When Shammout moved to Milwaukee, she taught Qur’an to groups of women meeting in homes. Then she established Iqraa Qur’an School as a nonprofit. It operated in space provided by the Islamic Society of Milwaukee and then Masjid Al Huda, until becoming the renter of its current space.
“My husband, Mosbah Shammout, had a big role as he supported me through my entire journey,” she added.
Inside Iqraa Qur’an School, the décor is bright and cheerful. Signs on the walls remind students to be kind to each other, to be honest and fair.
“I really want the message to be to love the Qur’an, that love and mercy are Islamic values, that being obedient to your parents, good to your family and respectful to your teachers is the Islamic way,” Shammout said. “If they learn Islam, they will be wonderful people in their community.”
Tayyiba Ansari of Greenfield wants everyone to know “age is not an obstacle” and even women who are busy with work and family responsibilities can memorize the Qur’an.
Iqraa Qur’an School is based on the principle that “it is a duty upon every Muslim to learn and read the Qur’an correctly and recite it beautifully,” its website says. The school is “dedicated to teaching our students the correct way of reading the Qur’an.”
Classes are open to all ages 5 and up.
Facing the challenge with support
Like Shammout, Nour Thaher found herself in the company of supportive females, classmates and teachers—most of all her mother, she said.
Thaher remembers the first day, June 10, 2016. “From the moment I walked in, I knew I would love it.” That day she met her teachers, Sister Hanadi and Sister Shabna, and her new classmates, Niyama, Huda, Emaan and Nura.
Hafidh teacher Ghada Mahmandar, a dentist from Syria, listens as a student recites the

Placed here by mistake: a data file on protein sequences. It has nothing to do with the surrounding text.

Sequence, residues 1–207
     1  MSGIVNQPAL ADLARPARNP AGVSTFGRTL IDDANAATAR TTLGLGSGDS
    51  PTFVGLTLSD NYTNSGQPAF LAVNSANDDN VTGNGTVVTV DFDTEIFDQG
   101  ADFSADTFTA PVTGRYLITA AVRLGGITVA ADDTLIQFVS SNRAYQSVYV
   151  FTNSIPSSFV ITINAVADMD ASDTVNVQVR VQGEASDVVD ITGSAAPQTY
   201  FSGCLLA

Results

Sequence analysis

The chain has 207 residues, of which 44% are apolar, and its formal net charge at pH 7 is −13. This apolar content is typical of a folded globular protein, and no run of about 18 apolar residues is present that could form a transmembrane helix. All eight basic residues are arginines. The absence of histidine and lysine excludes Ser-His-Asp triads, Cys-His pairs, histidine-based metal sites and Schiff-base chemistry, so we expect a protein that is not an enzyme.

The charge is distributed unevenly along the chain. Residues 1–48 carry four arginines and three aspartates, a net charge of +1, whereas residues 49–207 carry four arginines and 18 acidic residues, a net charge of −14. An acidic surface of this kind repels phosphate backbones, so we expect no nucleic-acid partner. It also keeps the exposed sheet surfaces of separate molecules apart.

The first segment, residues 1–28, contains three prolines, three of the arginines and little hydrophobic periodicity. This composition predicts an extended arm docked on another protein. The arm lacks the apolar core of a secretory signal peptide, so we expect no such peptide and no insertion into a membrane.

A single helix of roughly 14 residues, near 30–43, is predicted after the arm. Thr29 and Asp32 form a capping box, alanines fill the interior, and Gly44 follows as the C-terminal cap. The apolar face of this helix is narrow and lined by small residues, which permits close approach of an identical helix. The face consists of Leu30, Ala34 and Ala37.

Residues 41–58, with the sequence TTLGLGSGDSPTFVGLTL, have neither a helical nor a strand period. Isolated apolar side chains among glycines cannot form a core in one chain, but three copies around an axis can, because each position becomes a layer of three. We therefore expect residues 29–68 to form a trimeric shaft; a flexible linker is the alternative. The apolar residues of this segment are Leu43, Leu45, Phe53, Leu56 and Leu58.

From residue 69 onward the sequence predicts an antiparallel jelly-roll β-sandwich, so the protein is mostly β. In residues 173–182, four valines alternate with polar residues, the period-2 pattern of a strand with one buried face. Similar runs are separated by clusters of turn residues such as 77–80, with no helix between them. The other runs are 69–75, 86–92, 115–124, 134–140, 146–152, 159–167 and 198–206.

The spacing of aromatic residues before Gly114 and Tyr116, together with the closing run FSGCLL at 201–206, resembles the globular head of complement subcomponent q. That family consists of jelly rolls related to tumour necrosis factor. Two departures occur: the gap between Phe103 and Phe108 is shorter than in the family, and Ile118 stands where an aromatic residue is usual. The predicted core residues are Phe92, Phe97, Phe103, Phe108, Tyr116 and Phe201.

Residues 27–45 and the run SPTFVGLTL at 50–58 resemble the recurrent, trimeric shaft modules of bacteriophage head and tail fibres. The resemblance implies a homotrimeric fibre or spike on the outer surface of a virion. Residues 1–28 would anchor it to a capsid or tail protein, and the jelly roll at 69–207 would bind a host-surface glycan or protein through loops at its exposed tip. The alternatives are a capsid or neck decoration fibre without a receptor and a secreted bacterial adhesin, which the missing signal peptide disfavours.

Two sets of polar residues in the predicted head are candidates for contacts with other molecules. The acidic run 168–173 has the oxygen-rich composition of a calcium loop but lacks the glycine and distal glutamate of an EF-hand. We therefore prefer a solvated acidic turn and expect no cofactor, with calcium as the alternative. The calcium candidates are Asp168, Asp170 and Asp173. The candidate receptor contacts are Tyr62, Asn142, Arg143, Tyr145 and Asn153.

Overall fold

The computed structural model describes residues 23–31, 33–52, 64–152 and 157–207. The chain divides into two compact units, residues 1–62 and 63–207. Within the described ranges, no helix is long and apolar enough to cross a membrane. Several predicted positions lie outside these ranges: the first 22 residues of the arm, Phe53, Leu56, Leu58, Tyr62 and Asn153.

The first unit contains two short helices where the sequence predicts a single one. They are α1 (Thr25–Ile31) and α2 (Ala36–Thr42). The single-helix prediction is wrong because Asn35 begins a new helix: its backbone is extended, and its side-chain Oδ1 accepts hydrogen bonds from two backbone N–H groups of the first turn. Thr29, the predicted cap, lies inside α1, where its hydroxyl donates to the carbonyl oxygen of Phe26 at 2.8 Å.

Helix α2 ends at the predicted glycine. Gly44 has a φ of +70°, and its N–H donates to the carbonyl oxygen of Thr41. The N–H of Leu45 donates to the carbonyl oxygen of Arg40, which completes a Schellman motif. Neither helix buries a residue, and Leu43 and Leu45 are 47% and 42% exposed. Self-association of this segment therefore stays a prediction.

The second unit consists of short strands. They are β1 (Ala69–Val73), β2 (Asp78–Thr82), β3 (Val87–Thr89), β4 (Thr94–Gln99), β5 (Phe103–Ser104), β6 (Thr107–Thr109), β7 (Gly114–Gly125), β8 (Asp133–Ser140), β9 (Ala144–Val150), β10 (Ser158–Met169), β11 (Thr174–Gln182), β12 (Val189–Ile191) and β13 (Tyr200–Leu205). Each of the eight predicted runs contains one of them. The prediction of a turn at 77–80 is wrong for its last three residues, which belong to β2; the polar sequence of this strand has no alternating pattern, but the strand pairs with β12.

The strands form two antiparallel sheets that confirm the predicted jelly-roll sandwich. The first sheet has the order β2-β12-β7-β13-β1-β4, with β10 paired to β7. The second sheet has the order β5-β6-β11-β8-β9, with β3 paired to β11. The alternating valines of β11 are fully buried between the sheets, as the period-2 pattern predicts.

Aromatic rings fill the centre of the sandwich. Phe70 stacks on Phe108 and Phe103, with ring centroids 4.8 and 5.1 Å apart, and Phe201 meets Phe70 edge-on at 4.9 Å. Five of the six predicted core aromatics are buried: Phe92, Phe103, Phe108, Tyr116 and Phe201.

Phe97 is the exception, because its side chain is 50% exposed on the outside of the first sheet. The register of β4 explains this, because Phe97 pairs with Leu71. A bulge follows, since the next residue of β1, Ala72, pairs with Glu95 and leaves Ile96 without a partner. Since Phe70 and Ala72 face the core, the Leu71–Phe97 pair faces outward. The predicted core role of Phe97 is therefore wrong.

The teachers “made me feel like their daughters, not just one of their students,” she said. Her fellow students soon became fast friends.
“My mom was one of the best parts of the journey,” Thaher said. “If it wasn’t for all the time she put in, I wouldn’t have been successful.”
Thaher found it “very hard” at the beginning. Her goal was to memorize the Qur’an but she couldn’t even read it.
“She was like a baby learning to talk,” her mother Manal Hassan said.
Thaher attended Iqraa Qur’an School from 9 a.m. to 2 p.m. daily, practicing memorization. The youngest in her class, her classmates helped her and her teachers guided her.
Thaher would bring her laptop in case she needed to sign in to a live class at public school, Hassan recalled. “This was before COVID and attending online was not common. Her school district was so helpful. Sometimes teachers would meet her somewhere in person.”
At home, Thaher would work on schoolwork. In the evening, she’d revise her verses for the next day as her mother sat listening to her recite. “I had to revise day and night,” she recalled. “Sometimes I would fall asleep while revising.
“Over time, I became really good at it,” Thaher admitted. She finished memorizing the whole Qur’an in November of her sixth-grade year. She joined her class in the public school but by March everyone went online because of the pandemic.
“Memorizing the whole Qur’an was a challenge but I loved this journey; it was so fun! It will always be the best years of my life.”
“It’s not just about memorizing,” Hassan added. “Allah will make everything easy in your life. I told Nour, sometimes you will have a problem and won’t know what to do. You’ll feel it is hard. Then, without doing anything, it passes and life is easy again.”